Thursday, April 21, 2016

Insights Gained (Module 8)

This is my final post as part of my EDUC 8306 course work.
Insights Related to Technology
Two insights related to technology that inspired me were first, the variety of technologies being used and second, I want to put more technology tools in my instructional toolbox, so to speak. My first insight was the variety of technologies that my classmates are using in their own classrooms, everything from 3-d simulations to productivity tools to social media. My second insight was that I had the desire to search out and use more technology for and with my students. I am especially interested in incorporating more productivity tools such as Padlet and Google tools to enhance the teaching of the research process to the students.
Insights on Technology and Andragogy
I am also to write about andragogy and technology. Knowles, Holton, and Swanson (2014) have identified and described the key principles of andragogy: adults need to know, be self-directed, draw on prior experience, encounter authentic tasks, and learn from internal motivation. Two insights about technology for supporting learning and related to andragogy that inspired me are first, the self-directed nature of many of the technologies and second, the possibilities for authentic tasks. I will incorporate these insights into my future teaching practice by investigating applications that will leverage adult students’ desire for self-direction, such as lecture-capture, so that they can watch a lesson at their own pace and as many times as needed to understand the information. Moreover, through technology, students can apply and analyze this information in ways that have value and meaning outside of the classroom. Two technologies might be Twitter and blogging.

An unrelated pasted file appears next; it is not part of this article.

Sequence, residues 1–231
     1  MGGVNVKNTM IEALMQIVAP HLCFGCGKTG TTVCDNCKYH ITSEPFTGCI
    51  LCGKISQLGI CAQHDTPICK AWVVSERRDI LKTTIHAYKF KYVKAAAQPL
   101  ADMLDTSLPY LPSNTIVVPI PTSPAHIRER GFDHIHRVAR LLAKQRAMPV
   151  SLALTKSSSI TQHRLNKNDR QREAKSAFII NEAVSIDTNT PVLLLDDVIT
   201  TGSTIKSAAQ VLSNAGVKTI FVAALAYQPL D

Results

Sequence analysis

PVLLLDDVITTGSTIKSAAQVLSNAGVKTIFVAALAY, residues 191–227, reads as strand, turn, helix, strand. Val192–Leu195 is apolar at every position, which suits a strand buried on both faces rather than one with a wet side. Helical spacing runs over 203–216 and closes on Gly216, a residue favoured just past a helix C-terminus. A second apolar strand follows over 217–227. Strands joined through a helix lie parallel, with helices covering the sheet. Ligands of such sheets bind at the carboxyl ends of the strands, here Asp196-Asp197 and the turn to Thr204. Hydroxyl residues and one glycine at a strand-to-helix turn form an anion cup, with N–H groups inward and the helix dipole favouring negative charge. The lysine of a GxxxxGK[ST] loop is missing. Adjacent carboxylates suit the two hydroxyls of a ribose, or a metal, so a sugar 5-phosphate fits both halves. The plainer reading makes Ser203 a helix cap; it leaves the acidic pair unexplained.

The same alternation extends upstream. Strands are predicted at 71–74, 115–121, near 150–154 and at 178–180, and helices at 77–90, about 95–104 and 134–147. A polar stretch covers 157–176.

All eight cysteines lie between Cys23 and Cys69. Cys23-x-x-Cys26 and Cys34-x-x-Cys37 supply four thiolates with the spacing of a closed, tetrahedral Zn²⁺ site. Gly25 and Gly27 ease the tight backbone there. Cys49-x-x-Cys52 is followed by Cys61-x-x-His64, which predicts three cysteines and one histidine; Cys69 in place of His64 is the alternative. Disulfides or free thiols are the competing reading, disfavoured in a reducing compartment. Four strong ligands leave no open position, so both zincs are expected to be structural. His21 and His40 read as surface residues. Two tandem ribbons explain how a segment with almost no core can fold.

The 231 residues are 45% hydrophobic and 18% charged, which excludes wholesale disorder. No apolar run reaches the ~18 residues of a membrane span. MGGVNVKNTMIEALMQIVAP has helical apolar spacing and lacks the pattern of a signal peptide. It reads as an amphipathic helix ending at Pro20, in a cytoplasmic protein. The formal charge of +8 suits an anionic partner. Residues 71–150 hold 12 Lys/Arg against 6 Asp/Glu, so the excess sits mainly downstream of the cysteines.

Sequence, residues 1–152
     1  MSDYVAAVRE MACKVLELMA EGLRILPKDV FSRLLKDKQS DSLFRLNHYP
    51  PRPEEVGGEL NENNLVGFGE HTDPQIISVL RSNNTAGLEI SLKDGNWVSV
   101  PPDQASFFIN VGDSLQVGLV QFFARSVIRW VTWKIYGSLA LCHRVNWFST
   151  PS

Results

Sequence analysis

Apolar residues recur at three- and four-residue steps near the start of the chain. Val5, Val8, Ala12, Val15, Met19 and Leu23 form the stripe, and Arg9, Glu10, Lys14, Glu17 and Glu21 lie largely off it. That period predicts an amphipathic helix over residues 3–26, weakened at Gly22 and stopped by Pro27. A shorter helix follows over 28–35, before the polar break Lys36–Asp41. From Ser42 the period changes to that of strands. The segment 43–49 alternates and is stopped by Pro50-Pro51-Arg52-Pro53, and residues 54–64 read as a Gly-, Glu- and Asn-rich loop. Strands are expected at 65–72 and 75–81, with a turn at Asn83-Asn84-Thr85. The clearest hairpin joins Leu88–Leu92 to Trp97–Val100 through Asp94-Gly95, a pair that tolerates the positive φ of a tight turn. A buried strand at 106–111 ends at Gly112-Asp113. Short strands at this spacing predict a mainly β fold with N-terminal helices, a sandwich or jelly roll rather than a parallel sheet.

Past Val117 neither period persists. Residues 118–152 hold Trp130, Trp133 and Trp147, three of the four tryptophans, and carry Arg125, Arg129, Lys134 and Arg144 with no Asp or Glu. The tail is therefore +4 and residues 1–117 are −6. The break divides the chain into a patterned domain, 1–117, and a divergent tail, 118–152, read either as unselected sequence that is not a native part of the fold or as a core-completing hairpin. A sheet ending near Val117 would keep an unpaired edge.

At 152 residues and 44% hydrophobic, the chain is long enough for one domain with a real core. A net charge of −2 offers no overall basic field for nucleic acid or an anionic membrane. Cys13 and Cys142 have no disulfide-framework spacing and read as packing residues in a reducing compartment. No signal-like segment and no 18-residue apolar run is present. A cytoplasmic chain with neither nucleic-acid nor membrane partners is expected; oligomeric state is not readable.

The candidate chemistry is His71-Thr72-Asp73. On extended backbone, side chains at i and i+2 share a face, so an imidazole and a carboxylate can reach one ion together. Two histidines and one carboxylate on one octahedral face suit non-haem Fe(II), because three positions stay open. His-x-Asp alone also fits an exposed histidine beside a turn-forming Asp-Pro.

Although this is my last post for the class, I plan on continuing writing about how I am using technology in my basic writing classes. 

Knowles, M. S., Holton III, E. F., & Swanson, R. A. (2014). The adult learner: The definitive classic in adult education and human resource development. Routledge.

Monday, April 4, 2016

Wikipedia in the College Classroom (Module 7)

The technology I have selected for my Module 7 blog is Wikipedia, the free online encyclopedia. Unlike print encyclopedias, contributors, known as Wikipedians, create and edit Wikipedia articles (Wikipedia, 2016). Also unlike print medium, the articles are tagged as to their reliability. Although Wikipedia has been vilified by many in education (Comer, 2013), it does have its usefulness in the college classroom. First, students can use Wikipedia to gain background knowledge on a topic and use the article’s reference list, usually hyperlinked to those items on the Internet, to jump-start their research. Second, since the articles are written by Wikipedia’s readers, this site allows students to write for an authentic audience. This second point is what I want to write about in this blog entry.

Instructors have used Wikipedia to further students’ writing skills. Matthew Vetter has written about a collaboration between students and librarians that result in writing and posting Wikipedia entries. I might use this teaching and learning strategy by joining forces with my university’s reference and special collections librarians to instruct students in doing original research in Special Collections on university topics to create corresponding Wikipedia articles or edit already published articles. I know that my university’s site could use some help as it is primarily about the football team.